• Erez Baron

The fine line between games and reality

Updated: Nov 9, 2021

As a kid, my parents used to call me "An astronaut" since I used to be so caught up in TV shows, that I stopped paying attention to things that happened around me.

If you take a look at a kid watching TV, you'll easily notice that he or she is highly engaged with and often sympathetic to the characters. My nephews often shout to a character to watch out for lurking danger.

One would wonder, how is it possible? Could it be that kids don't differentiate between TV and the real world? Well, in short, they don't. Neither do you. Our brain does not distinguish between what we see on screen and what we see in the real world. To it, it's all the same; a sequence of signals that are being translated into what we think is sound and sight. Once you understand that, you understand why my nephews shout at their favorite cartoon and why adults can watch a Netflix marathon instead of living their lives. What we see on screen, to the brain, is just as real as a walk in the park.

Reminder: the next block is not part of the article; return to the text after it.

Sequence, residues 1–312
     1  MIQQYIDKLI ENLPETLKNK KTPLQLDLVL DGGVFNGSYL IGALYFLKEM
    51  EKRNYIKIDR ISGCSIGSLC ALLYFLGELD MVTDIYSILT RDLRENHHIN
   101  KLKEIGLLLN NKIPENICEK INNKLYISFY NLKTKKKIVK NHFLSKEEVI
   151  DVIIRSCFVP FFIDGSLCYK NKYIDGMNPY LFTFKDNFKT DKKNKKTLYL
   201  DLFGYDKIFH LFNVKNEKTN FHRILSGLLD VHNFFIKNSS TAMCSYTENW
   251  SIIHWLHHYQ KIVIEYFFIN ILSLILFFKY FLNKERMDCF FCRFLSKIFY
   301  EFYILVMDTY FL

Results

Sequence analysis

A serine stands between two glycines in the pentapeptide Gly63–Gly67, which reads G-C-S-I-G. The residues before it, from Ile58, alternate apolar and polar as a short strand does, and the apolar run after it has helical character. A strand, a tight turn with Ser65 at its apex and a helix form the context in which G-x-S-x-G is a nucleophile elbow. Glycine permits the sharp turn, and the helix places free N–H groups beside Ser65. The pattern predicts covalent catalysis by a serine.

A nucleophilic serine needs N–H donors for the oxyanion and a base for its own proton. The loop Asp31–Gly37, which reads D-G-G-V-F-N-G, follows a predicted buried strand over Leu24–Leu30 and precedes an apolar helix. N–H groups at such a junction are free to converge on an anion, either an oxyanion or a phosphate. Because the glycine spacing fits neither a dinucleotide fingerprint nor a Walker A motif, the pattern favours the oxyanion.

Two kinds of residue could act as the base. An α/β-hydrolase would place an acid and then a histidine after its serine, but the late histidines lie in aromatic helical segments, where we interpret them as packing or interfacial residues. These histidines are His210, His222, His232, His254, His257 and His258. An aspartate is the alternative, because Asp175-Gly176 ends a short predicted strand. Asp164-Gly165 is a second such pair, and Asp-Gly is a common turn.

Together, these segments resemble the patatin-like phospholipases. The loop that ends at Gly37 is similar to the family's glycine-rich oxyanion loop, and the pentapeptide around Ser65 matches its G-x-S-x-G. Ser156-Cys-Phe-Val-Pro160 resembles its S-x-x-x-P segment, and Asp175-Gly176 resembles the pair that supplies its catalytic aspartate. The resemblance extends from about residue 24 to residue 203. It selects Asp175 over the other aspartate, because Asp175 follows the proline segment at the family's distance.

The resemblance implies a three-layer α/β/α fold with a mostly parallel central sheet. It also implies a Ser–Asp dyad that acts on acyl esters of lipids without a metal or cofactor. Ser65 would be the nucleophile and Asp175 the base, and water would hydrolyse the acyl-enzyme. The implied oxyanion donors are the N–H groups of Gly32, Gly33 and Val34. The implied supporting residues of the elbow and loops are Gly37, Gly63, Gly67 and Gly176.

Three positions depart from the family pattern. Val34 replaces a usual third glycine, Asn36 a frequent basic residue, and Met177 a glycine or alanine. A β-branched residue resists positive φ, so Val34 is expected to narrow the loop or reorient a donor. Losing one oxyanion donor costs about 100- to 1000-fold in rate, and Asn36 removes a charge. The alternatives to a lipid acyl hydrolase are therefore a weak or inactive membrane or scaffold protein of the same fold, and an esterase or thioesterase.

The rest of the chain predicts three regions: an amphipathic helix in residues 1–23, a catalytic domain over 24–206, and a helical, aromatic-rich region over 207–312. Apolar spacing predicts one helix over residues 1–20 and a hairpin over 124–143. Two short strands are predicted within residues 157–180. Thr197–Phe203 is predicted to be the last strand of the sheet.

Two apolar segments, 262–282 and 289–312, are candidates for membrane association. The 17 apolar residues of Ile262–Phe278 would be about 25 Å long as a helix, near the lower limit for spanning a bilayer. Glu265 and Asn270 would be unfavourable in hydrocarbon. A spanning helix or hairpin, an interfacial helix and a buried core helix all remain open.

This understanding is what governs the entertainment industry. It aims to keep your brain hooked for a better version of your own world. Computer games, work in the same fashion, but at a deeper level. A good computer/mobile game not only keeps you hooked while you play, it keeps reminding you that you have a challenge to complete that in which time is a factor (working on our FOMO), it shows you how well your friends are progressing (keeping you in constant fear of losing your hard-earned score, and most importantly, rewards you constantly for progressing in the game.

Progression is perhaps the foundation by which humanity lives. We, game designers, know it, and in the next article, you will learn how we use it to trick the human brain.


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